After watching several legs of racing in the 29er competition, one thing that definitely struck me was that, unlike any other race in any other sport, sometimes the best strategic move is to deliberately “overshoot” a turn in order to tack later and get a better (warning: made up term coming) “wind line” for the next leg of the race.
The first time this happened, I felt badly for the boat’s crew. “The poor kids”, I thought. “They can’t manage to control the boat well enough to negotiate a sharp turn at the marker buoy.” I hoped that they didn’t become too discouraged. Lo and behold though, after they had gone well beyond the marker, the poor lost boat suddenly tacked on a floating dime and made up for lost time quickly.
For a linear guy like me, this makes sailing a hard sport to grasp. Whereas in baseball nobody steals second base via right center field, in sailing there’s clearly more than one way to get from Point A to Point B in the water. So inspired strategy to an experienced sailor looks like random wandering to me. On one turn the extremes in how two separate boats chose to approach the next leg of the race took them hundreds of yards in different directions as they angled for the fastest way to get to the next marker buoy Which they each arrived at more or less simultaneously.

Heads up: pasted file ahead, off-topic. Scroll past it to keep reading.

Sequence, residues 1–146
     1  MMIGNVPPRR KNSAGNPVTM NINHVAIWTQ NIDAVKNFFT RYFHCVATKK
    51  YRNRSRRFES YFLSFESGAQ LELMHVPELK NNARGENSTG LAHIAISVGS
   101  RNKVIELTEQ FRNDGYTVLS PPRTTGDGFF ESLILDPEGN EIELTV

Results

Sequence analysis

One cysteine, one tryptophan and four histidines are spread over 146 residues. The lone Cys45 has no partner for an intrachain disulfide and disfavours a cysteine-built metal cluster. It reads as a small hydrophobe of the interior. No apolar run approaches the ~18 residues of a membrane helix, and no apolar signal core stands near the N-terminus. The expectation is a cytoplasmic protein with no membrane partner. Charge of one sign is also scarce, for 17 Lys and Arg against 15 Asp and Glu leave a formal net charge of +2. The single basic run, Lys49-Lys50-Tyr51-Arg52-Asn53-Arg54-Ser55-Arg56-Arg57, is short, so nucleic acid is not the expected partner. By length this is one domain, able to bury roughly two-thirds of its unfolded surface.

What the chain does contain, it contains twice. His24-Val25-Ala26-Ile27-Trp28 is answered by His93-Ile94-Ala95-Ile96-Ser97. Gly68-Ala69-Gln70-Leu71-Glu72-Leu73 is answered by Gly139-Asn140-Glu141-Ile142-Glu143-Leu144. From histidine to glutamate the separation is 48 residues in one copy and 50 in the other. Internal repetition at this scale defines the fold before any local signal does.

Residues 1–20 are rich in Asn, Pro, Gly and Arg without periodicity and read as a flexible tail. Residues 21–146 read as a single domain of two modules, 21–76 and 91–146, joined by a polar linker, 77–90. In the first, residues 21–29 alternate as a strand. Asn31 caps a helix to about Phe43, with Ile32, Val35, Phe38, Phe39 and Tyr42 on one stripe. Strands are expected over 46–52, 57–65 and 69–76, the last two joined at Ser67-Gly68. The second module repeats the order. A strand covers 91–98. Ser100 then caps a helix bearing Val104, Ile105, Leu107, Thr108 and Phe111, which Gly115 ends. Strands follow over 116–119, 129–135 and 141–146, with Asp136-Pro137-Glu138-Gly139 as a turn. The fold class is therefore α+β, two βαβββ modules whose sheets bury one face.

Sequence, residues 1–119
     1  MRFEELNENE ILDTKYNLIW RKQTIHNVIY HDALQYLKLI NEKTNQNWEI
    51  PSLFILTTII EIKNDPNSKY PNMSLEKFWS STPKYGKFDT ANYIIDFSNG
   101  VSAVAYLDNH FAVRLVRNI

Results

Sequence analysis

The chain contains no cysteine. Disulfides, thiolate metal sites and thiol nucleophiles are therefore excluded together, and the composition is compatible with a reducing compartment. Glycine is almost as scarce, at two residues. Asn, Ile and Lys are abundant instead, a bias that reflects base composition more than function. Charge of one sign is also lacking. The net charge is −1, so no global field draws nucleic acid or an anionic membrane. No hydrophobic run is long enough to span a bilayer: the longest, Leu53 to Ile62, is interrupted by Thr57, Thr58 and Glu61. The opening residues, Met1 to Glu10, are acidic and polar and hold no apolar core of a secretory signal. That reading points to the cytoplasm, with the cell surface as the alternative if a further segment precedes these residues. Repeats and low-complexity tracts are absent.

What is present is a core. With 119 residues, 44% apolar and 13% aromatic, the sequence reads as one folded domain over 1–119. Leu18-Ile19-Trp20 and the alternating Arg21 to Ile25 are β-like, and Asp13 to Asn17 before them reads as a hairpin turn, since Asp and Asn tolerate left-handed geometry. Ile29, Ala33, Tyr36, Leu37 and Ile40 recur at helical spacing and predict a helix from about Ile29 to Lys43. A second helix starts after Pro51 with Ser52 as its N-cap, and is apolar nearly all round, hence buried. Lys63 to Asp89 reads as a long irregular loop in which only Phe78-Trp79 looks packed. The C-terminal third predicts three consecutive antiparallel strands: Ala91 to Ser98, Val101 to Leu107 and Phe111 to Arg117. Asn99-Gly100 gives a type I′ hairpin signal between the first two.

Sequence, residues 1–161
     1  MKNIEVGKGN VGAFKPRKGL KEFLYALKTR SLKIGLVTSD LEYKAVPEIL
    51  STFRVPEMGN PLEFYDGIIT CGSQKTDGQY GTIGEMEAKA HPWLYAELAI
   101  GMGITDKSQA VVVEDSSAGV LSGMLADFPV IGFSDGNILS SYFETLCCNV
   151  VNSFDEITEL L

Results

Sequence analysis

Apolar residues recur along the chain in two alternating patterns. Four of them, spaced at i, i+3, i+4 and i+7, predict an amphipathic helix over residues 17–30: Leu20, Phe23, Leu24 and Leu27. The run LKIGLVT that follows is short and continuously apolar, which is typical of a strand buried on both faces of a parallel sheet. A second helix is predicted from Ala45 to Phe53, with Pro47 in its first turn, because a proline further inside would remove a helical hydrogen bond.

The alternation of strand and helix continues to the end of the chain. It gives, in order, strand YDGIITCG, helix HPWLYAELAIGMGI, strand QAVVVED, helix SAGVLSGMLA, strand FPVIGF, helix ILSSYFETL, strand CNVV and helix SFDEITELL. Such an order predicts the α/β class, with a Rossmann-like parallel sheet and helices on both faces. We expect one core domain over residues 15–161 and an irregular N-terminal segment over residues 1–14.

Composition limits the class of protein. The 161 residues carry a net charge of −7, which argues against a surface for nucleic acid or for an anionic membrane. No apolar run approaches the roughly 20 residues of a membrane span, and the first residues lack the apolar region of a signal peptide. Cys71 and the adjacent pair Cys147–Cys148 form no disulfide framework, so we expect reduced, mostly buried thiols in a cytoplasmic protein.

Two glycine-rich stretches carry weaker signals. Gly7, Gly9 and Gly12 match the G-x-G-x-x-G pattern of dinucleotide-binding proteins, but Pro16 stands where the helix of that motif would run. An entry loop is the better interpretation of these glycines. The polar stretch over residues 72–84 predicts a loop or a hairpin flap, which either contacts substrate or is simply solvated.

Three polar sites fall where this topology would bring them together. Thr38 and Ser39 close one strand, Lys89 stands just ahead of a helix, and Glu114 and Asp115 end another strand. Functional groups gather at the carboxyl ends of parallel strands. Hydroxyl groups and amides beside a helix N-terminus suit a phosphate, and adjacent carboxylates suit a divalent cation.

I watched this play out for a while, and realized this was really a sport that could only make complete sense to me from the perspective of being on the boat itself. It was very cool to watch the agility with which these kids got back and forth on the boat though. And I’ve always been a sucker for a colorful spinnaker.
It was time to wander back and report on my findings.
When I got back to the beach, I found Dave mildly distraught at the way things were playing out in the 420 competition. Son Doyle had been on a hot streak coming into this event, and like many of the parents that I had met during the NCAA Golf Regionals, despite his best effort to stay low-key about it, Dave couldn’t hide his pride and admiration for what his son had been accomplishing on the water this summer.
We talked a little about the competitive path for young sailors, and I was surprised to learn that sailing is very much a collegiate sport. And probably not coincidentally, the schools that boast the best sailing programs are also those that happen to have the best academic reputations. I learned that, while a good record as a junior sailor won’t necessarily get you a full ride at an Ivy League school, it could very well put you over the top in terms of piquing that school’s interest.
At the end of the day though, what Dave reflected on as the best part of the junior sailing experience is the responsibility that the kids learn to accept. In addition for the “respect for Mother Nature and what she can do to you at a moment’s notice”, he went on to say that the kids learn to be responsible for their schedule and their equipment, more so than in any other sport.
Speaking as someone who was once late for a playoff game because I had to fish my baseball glove out of the rain gutter that I had tossed it into…I’m thinking he’s got a point there.